Museum can be spiritual places.
They certainly are for me.
A place where I can lose my head, going from void to void to be filled.
There is obviously an array of museums with their own specializations and if we go back in time, say, roundabout four hundred years, collections were curated according to, how shall we put it, more eclectic and subjective criteria across a wide range of disciplines, e.g. anthropology, natural history, religion and everything in between.
Those collections were more cabinets of curiosity, also known as “Wunderkammern”, than “museums” by contemporary standards and this little book is dedicated to those wondrous phenomena, shedding light on specimen, samples from the realm of geography and history with an added twist:
They are portrayed in manners, which reveal a secret about their evolution or historical context.
The thoughtful gimmick the book comes equipped with is a little red magnifying glass that can be used to unveil illustrations hidden within taxidermic and scientific illustrations, which would normally remain hidden to the human eye, offering insight into a secret world.
Atlas of The Human Body
According to Sigmund Freud, anatomy is destiny.
Honore de Balzac took it a tad further in his usual non-chalant manner and claimed that no man should marry a woman without having studied anatomy or even having dissected one. He would have loved Kanitta Meechubot’s book.
The beautifully illustrated large format book takes you on a curated journey through your bodily vessel in more than a literal way.
With a lot of attention to detail and with the employment of pencils with Kanitta Meechubot at the helm of the operation, we discover the human shell in all its different layers, which offers a unique perspective on something we all perceive to have seen a million times before.
What makes the book both interesting and endearing is the fact that despite the expertise that went into its creation, there is a childlike simple approach to it, which, along with the minimalism the design is informed by, makes it a book to be treasured and a nice addition to any eclectic library.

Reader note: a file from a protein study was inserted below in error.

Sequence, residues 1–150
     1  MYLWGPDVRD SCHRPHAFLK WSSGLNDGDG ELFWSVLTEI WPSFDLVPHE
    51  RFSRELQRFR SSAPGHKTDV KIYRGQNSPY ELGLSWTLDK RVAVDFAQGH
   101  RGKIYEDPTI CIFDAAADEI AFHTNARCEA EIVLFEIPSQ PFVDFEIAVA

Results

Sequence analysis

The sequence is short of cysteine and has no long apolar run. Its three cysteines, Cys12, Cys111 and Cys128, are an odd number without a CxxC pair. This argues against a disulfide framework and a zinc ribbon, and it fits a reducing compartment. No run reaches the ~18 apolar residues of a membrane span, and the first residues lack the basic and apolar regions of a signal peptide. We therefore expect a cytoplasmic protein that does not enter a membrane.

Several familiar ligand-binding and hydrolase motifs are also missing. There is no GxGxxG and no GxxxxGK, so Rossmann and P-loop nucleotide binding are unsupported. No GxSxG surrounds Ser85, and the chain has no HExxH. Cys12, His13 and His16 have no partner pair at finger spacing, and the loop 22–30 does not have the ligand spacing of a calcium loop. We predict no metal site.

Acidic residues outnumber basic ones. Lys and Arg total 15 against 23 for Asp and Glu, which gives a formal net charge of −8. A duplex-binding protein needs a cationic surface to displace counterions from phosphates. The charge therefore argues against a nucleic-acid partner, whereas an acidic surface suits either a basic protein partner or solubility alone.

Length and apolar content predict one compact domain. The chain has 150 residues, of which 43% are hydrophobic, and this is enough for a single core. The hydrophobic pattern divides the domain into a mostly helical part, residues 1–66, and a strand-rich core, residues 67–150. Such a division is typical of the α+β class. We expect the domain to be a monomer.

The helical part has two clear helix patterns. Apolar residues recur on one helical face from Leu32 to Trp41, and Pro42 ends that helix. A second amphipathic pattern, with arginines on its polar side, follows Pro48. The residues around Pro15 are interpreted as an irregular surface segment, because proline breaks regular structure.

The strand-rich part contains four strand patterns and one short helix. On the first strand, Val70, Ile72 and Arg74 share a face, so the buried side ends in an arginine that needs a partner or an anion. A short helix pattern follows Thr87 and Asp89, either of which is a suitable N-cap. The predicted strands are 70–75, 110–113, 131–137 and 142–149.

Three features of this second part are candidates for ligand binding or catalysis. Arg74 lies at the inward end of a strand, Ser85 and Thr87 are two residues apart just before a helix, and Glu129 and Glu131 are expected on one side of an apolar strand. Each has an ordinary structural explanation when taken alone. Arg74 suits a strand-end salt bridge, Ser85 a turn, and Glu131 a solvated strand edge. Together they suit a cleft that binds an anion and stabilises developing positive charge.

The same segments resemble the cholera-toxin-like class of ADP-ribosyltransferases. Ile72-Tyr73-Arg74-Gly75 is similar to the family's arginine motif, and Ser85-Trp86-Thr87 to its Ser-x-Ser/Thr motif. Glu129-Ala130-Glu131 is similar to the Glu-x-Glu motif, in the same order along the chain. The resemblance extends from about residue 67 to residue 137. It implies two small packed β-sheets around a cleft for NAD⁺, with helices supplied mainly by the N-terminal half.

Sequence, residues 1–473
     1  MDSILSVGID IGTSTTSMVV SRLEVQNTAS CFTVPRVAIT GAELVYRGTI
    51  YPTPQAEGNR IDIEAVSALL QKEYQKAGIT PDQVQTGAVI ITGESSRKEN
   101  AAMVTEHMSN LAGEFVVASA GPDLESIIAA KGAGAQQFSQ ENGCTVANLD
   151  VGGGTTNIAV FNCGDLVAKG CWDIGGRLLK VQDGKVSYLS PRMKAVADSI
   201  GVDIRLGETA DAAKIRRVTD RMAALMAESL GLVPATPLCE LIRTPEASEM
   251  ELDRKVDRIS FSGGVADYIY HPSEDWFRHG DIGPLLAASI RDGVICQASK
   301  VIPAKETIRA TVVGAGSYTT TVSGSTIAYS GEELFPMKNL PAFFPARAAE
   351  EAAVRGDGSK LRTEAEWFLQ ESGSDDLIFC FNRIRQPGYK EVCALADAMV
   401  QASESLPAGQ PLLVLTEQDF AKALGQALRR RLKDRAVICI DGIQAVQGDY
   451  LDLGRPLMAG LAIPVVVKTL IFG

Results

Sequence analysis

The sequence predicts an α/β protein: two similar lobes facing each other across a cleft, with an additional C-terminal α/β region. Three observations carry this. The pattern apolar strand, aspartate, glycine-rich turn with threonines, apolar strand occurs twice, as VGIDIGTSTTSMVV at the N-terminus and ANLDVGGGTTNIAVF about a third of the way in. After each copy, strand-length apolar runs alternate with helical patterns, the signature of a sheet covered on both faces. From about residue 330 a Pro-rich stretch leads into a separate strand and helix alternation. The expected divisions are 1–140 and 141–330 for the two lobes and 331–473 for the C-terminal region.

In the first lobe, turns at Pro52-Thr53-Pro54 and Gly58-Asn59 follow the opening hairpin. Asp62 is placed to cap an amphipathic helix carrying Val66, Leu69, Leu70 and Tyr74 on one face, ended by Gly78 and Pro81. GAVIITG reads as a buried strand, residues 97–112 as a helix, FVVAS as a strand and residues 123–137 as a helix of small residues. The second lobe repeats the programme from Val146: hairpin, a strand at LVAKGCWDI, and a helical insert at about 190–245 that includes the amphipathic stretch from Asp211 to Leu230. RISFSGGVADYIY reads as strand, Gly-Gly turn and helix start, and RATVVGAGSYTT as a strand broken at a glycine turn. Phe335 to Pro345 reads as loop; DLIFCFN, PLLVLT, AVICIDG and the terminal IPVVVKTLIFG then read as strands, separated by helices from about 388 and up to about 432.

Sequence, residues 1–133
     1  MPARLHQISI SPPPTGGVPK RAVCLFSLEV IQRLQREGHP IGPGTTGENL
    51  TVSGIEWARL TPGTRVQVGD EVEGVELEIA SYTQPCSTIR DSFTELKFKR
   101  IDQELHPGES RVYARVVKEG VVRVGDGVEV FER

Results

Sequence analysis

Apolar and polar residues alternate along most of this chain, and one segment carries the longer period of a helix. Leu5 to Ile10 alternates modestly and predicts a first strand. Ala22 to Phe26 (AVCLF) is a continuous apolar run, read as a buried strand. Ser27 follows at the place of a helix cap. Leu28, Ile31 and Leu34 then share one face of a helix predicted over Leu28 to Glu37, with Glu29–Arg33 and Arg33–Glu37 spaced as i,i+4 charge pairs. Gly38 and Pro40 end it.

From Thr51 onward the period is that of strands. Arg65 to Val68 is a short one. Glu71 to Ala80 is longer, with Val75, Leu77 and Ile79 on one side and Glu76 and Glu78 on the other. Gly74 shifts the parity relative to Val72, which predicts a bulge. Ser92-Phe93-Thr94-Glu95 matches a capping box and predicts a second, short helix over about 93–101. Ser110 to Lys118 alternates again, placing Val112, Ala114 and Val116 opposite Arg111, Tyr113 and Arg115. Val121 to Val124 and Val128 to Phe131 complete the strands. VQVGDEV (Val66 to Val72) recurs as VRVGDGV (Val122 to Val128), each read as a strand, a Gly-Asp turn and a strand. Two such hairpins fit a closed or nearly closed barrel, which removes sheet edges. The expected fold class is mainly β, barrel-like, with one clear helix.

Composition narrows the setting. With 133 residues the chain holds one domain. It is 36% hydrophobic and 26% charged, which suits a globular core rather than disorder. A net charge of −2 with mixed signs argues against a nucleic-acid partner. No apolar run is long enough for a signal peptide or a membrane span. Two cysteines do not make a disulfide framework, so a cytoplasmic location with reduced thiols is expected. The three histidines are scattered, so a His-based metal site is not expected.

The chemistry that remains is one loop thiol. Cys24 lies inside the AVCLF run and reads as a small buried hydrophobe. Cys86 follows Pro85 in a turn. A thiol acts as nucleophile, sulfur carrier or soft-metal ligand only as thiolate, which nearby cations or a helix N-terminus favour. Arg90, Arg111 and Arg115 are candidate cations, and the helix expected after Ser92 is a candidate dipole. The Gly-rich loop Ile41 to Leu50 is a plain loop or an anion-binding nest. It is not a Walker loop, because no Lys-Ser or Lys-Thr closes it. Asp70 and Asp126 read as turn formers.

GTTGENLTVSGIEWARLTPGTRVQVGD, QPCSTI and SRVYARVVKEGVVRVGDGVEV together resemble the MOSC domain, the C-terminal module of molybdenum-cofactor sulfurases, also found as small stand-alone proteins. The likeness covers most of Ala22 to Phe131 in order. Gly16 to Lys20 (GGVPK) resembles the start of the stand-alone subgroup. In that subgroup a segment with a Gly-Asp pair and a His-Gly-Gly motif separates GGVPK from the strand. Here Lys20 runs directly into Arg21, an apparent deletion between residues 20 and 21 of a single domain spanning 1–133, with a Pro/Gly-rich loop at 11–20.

The Road Cyclist's Companion
Guess you could call me a bike enthusiast.
Yup, I do think there is something borderline romantic about bikes – they are both things of beauty and utility.
Needless to say that The Road Cyclist’s Companion is right up my alley:
Despite not using my bike for racing but for the daily commute, once you do it on a regular basis you discover that there is quite a bit of etiquette and form to it.
Even if you are not a hardcore cyclist, it is interesting to learn not only fun- but also more serious facts about cycling in pacelines, techniques, training and the components comprising the kit every cyclist should own, et cetera.
A clear and accessible guidebook, richly illustrated with both illustrations and photographic evidence.
Peter Drinkell is also the man behind The Bike Owner's Handbook.
Whereas the previous title takes a holistic approach towards biking in general, The Bike Owner’s Handbook is more of a useful, distinct manual for bike maintenance, upkeep and repairs that might be needed.
Peter Drinkell explains in detail and in a way that speaks to both the professional as well as the newbie about the essentials of adjustments, repairs and anything that can be done to your two-wheeled vehicle.
Even if you perceive yourself as a luminary that knows all there is to know about your bike, it is interesting to see how Drinkell’s holistic approach illuminates how the individual components work together and which parts can have a seemingly unrelated impact on others.
More information on Circada can be found on their website.
For more, read Art and Design – Thames and Hudson special (Part 1).
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